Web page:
Local fishermen came out to Brookhaven Town Hall last Thursday to let officials know they oppose Supervisor Ed Romaine’s push to limit horseshoe crab harvesting.
Earlier that week, Romaine (R) announced he and the town board would consider urging the New York State Department of Environmental Conservation, which regulates the industry, to ban horseshoe crab harvesting within 500 feet of town-owned property in an effort to protect the crab population and allow them a safe place to mate.
Romaine moved to table the idea after hearing the baymen’s concerns.
The 450-million-year-old species are used for bait and in the biomedical and pharmaceutical industries, as their blue blood is used to detect bacterial contamination in products. At a May 19 press conference, officials said if the crab population shrinks, other species — like those that eat the crabs’ eggs — could be negatively affected.
Stony Brook’s West Meadow Beach and Mount Sinai Harbor already have harvesting plans in place, and a ban would broaden the restriction area.
However, the fishermen said the restriction was not based on any facts and the horseshoe crab population is not declining. In addition, they said further regulation would affect their livelihoods.
Ron Bellucci Jr., of Sound Beach, said horseshoe crab harvesting is a vital part of his income. He added that he knows the crabs are important to the larger ecosystem, which he is a part of as well.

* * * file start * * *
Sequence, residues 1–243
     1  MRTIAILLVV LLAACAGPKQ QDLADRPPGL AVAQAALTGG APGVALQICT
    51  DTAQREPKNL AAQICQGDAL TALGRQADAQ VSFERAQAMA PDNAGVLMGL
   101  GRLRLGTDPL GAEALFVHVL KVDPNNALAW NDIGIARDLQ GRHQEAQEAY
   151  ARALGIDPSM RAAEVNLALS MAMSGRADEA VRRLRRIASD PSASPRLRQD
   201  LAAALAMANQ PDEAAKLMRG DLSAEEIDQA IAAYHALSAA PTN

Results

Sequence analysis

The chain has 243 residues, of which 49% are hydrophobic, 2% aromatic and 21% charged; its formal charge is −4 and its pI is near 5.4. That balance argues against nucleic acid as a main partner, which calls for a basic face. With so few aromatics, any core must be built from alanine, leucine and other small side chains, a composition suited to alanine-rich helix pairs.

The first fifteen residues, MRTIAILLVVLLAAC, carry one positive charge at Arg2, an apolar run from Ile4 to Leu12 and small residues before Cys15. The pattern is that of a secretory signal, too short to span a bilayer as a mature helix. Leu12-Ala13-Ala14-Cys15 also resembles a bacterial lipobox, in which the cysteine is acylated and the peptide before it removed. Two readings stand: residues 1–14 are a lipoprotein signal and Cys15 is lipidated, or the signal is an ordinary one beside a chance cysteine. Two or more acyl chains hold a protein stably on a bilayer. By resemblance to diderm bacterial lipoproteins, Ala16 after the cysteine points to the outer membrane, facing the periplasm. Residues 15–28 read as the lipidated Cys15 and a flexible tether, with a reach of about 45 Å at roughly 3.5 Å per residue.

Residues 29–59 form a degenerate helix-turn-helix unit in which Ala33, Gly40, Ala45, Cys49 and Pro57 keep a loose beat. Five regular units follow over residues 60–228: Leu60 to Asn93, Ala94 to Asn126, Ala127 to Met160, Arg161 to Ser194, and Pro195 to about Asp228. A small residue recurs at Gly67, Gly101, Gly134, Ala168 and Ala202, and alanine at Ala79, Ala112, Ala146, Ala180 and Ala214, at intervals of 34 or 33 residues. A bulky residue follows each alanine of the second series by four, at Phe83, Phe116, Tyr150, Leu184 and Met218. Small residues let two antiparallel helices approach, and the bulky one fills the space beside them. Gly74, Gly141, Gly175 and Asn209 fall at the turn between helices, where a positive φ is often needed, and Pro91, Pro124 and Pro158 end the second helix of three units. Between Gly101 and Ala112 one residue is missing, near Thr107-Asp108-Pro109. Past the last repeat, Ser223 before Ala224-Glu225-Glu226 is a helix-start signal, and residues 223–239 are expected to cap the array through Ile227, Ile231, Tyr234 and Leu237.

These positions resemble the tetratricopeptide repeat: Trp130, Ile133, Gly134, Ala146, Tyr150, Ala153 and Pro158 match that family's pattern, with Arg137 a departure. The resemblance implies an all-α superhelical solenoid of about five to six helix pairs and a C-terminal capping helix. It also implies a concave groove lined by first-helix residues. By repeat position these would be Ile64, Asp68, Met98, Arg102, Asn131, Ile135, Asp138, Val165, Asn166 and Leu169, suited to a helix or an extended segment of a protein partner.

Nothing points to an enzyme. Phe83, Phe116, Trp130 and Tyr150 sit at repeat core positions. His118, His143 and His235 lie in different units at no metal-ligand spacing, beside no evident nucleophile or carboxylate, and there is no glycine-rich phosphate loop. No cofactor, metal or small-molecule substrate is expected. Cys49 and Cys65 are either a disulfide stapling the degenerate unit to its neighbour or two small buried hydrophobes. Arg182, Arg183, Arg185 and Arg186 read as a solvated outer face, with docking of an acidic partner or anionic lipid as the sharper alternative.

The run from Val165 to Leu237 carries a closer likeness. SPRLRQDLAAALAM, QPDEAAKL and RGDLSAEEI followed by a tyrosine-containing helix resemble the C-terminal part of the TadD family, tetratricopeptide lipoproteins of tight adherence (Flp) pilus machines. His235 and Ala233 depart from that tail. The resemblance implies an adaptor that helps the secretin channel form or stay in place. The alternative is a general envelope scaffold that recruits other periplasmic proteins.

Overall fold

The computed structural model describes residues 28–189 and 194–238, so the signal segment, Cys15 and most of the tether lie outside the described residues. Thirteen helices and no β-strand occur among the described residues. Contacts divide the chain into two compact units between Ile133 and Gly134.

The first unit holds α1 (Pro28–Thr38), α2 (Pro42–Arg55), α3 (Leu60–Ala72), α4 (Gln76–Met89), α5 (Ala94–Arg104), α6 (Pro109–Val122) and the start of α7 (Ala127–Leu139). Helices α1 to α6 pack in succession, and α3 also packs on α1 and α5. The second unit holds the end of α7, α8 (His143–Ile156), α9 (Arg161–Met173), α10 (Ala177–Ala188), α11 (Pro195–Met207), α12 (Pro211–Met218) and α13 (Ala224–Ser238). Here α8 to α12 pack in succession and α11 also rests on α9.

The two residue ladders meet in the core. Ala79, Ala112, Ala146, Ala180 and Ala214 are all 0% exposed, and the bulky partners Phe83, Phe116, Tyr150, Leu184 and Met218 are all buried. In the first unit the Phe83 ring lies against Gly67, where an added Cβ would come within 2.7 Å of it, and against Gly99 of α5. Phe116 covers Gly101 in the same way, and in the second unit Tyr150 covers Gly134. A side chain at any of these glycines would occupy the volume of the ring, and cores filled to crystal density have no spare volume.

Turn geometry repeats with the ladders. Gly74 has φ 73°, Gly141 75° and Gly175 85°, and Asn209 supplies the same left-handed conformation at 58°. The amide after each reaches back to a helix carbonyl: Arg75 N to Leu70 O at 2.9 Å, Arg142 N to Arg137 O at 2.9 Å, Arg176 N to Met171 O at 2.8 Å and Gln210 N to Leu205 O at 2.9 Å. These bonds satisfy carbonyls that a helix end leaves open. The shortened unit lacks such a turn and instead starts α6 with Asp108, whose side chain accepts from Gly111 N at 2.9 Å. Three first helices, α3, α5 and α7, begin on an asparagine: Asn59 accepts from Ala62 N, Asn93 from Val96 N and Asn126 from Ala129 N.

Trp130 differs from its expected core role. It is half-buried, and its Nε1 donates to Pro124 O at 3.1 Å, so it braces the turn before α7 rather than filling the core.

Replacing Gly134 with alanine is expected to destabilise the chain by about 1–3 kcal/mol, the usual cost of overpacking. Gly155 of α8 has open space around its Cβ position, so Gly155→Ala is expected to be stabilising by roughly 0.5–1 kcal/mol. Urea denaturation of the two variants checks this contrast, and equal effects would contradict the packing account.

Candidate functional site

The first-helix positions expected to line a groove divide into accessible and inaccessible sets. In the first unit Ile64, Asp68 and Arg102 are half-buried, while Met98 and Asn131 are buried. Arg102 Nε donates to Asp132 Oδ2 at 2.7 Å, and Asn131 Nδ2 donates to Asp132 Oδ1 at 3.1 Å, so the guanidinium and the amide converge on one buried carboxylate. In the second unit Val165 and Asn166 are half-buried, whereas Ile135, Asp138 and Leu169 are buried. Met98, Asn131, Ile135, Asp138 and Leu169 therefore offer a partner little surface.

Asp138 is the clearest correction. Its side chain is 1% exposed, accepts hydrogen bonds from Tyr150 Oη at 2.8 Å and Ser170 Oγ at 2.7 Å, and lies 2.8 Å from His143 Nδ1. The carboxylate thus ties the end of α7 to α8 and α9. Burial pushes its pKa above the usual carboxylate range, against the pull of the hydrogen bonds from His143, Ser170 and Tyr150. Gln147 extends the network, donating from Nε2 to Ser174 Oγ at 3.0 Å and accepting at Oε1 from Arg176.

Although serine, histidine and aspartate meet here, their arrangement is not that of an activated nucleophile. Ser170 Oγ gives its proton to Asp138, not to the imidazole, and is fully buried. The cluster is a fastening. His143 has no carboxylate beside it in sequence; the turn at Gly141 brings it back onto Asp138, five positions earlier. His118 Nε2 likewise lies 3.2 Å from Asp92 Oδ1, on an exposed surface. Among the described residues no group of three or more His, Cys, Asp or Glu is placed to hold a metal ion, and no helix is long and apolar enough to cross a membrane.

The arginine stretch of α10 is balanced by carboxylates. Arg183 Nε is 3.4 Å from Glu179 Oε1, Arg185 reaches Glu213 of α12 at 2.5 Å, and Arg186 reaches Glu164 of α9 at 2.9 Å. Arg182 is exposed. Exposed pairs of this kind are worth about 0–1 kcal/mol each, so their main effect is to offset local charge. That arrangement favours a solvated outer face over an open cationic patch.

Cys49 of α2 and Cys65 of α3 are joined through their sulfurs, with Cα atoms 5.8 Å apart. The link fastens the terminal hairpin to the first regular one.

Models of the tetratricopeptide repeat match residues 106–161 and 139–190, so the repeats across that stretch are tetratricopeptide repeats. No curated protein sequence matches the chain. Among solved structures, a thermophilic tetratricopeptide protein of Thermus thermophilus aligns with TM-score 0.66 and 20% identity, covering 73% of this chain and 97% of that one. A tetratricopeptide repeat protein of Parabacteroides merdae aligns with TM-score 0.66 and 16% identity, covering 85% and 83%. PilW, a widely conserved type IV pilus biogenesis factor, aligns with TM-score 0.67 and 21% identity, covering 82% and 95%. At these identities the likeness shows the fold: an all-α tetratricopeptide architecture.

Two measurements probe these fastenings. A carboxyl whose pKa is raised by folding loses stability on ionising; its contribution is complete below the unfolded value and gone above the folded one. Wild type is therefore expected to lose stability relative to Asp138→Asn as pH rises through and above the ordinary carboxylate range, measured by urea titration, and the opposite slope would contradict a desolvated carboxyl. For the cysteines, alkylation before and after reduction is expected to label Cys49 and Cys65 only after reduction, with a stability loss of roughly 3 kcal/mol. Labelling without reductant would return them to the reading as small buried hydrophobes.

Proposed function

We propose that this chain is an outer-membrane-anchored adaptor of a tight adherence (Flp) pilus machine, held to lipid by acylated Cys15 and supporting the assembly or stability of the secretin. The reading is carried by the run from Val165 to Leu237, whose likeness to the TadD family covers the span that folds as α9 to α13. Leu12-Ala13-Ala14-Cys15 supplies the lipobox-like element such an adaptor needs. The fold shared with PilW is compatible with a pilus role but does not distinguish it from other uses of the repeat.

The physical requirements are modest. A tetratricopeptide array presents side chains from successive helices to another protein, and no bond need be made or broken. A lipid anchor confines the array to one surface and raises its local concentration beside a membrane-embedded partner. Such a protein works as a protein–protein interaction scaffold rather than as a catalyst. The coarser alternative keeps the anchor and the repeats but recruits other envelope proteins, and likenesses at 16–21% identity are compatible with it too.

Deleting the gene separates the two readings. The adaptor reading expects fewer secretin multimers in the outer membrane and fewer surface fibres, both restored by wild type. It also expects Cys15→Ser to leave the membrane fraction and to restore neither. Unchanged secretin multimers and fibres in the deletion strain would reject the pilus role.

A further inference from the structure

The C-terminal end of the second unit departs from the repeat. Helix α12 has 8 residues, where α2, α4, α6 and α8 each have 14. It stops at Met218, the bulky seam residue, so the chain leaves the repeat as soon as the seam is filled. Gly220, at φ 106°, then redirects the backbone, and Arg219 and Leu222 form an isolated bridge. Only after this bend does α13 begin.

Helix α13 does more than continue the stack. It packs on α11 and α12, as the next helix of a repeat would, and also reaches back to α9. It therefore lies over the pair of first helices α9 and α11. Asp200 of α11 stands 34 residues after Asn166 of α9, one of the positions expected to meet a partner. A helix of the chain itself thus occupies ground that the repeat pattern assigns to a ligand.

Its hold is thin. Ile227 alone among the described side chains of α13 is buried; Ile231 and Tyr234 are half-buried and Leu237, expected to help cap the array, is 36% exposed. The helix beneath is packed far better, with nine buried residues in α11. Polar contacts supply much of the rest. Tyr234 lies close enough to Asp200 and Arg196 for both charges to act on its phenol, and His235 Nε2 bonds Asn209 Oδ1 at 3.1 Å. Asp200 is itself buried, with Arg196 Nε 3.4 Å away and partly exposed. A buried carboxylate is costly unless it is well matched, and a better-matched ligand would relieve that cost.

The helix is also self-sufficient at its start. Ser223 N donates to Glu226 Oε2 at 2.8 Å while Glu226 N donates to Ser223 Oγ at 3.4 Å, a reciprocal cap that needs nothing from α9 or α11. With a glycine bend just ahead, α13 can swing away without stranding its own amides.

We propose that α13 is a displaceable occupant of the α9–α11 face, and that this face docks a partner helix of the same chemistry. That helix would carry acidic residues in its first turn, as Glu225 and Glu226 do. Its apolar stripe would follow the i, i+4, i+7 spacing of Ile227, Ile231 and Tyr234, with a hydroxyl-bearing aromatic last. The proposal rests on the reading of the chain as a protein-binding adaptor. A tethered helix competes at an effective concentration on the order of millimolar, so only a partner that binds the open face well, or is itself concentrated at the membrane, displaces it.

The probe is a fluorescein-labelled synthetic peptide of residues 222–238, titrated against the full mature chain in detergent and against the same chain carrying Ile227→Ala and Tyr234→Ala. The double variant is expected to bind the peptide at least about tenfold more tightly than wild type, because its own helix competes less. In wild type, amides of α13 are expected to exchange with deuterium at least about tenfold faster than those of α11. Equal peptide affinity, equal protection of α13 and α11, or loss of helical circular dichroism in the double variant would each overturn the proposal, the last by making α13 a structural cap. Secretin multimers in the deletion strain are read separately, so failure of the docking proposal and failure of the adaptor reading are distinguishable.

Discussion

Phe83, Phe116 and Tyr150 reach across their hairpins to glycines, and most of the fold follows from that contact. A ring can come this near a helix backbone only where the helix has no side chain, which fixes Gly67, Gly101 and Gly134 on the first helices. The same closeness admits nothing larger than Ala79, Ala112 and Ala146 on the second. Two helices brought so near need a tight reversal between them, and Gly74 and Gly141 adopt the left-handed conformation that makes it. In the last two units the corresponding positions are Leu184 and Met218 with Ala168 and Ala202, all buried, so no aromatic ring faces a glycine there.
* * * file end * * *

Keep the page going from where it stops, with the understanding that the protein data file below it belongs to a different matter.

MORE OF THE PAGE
“I’m just a man, but I’m a vital part of the food chain and I think I’m at the top,” he said.
According to the Atlantic States Marine Fisheries Commission, a partnership between East Coast states to protect fisheries, a 2013 assessment of the horsecrab population showed a decrease in the New York and New England regions, while crabs have increased in the southern states — North Carolina through Florida — and remained stable from New Jersey through coastal Virginia.
David Klopfenstein, of the North Shore Baymen’s Association, urged the board to speak with the DEC before supporting a ban. He said there was a lot of misinformation regarding a very complex issue that is already being controlled.
“It’s also the most well-managed fisheries that we have up and down the East Coast,” he said.
The DEC did not immediately comment on the issue.